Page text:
The crisis showed that numerous structural improvements were needed in housing—and such improvements have been under way for several years. Poor data, misuse of specialty mortgage products, lagging technologies, weak servicing standards, and an inadequate securitization infrastructure became evident during the financial crisis. A multi-year effort to fix and rebuild this infrastructure has been quietly under way, with notable improvements already in place.The mortgage industry has been working since 2010 to overhaul mortgage data standards and the supporting technology. New data standards have emerged and are in use, with more on the way. These standards should improve risk management while lowering origination costs and barriers to entry.
* * *
Structural improvements will take several more years. A new securitization infrastructure has been in development for more than two years. This ongoing work should be a cornerstone for the future secondary mortgage market. Other structural improvements will include updated quality assurance (rep and warrant) systems for the Federal Housing Administration, Fannie and Freddie, revamped private mortgage insurance eligibility standards, and completion and implementation of remaining Dodd-Frank rulemakings. (2)
DeMarco himself had led the charge to develop a common securitization platform while at the FHFA, so I take care in critiquing his views about structural change. Nonetheless, I am worried that he is striking too optimistic of a note about the state of Fannie and Freddie. They have been in a state of limbo for far too long (which DeMarco acknowledges). All sorts of operational risks may be cropping up in the entities as employees sit around (or walk out the door) waiting for Congress to act. I think commentators should be striking a far more ominous tone about our housing finance system — something this big should not be treated as an afterthought by our elected officials.
September 2, 2014
Mark Zandi and Cristian deRitis of Moody’s, along with Jim Parrott of the Urban Institute, have posted Putting Mortgage Insurers on Solid Ground. They wrote this in response to the Private Mortgage Insurance Eligibility Requirements set forth by the FHFA. While generally approving of the requirements, they argue that
Several features of the rules as currently written, however, would likely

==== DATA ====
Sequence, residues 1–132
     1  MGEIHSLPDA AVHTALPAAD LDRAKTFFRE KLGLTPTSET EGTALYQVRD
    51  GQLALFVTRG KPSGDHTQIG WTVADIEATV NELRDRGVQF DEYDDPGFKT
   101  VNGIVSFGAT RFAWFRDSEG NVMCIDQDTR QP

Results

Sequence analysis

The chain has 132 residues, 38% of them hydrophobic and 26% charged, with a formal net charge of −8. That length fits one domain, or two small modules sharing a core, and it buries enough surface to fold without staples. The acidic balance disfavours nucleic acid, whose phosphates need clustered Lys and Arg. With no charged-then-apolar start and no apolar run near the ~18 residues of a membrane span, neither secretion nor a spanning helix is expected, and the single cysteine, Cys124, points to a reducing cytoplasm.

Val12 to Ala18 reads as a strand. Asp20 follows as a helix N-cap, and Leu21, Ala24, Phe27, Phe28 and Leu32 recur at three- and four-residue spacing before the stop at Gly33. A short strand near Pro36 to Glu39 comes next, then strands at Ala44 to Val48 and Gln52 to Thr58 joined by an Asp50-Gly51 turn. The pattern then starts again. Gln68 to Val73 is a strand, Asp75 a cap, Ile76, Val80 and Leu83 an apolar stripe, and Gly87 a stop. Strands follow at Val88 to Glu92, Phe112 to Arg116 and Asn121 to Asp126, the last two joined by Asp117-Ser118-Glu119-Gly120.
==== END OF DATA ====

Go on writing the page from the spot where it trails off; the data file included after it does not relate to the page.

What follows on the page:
unnecessarily increase costs and cyclicality in the mortgage and housing markets.
With a few modest changes, these flaws can be remedied without sacrificing the
considerable benefits of the new standards. (1)
I would first start by reviewing their disclosure: “Mark Zandi is a director of one mortgage insurance company, and Jim Parrott is an advisor to another. The authors do not believe that their analysis has been impacted by these relationships, however. Their work reflects the authors’ independent beliefs regarding the appropriate financial requirements for the industry.” While, I understand that the authors believe that their views are not impacted by their financial relationships with private mortgage insurers, readers will certainly want to take them into account when evaluating those views.
The authors argue that FHFA’s requirements are procyclical, that is they become more burdensome just as mortgage insurers are facing a distressed environment. This could contribute to a vicious cycle where mortgage credit tightens because of regulatory causes just when we might want credit to loosen up. This is certainly something we should look out for.
They also argue that the FHFA’s requirements will increase mortgage insurance premiums unnecessarily because they increase capital reserves too much. I find this argument less compelling. The Private Mortgage Insurance industry has typically done terribly in distressed environments from the Great Depression through the 2000s. Not only have there been failures but they have also reduced their underwriting of new insurance just when the market was most fragile.
But there are certain shaky assumptions built into this analysis. For instance, they argue that Private Mortgage Insurance companies will need to maintain their historical after-tax return on capital of 15%. But if the business model is shored up with higher capital reserves, investors should be satisfied with a lower return on capital because the companies are less likely to go bust. That is, instead of increasing premiums for homeowners, it is possible that higher capital requirements might just reduce profits.
The authors write that while “the increase in capital requirements is clearly warranted, there are certain features of the requirements as currently drafted that will increase mortgage insurance premiums unnecessarily, running counter to the aim of policymakers, including the FHFA, to encourage greater use of private capital in housing finance.” (2-4) Policymakers have lots of goals for private mortgage insurance, including having it not implode during down markets. An unthinking reliance on private capital is not what we should be after. Rather, we should seek to promote a thoughtful reliance on private capital, taking into account how we it can best help us maintain a healthy mortgage market throughout the business cycle.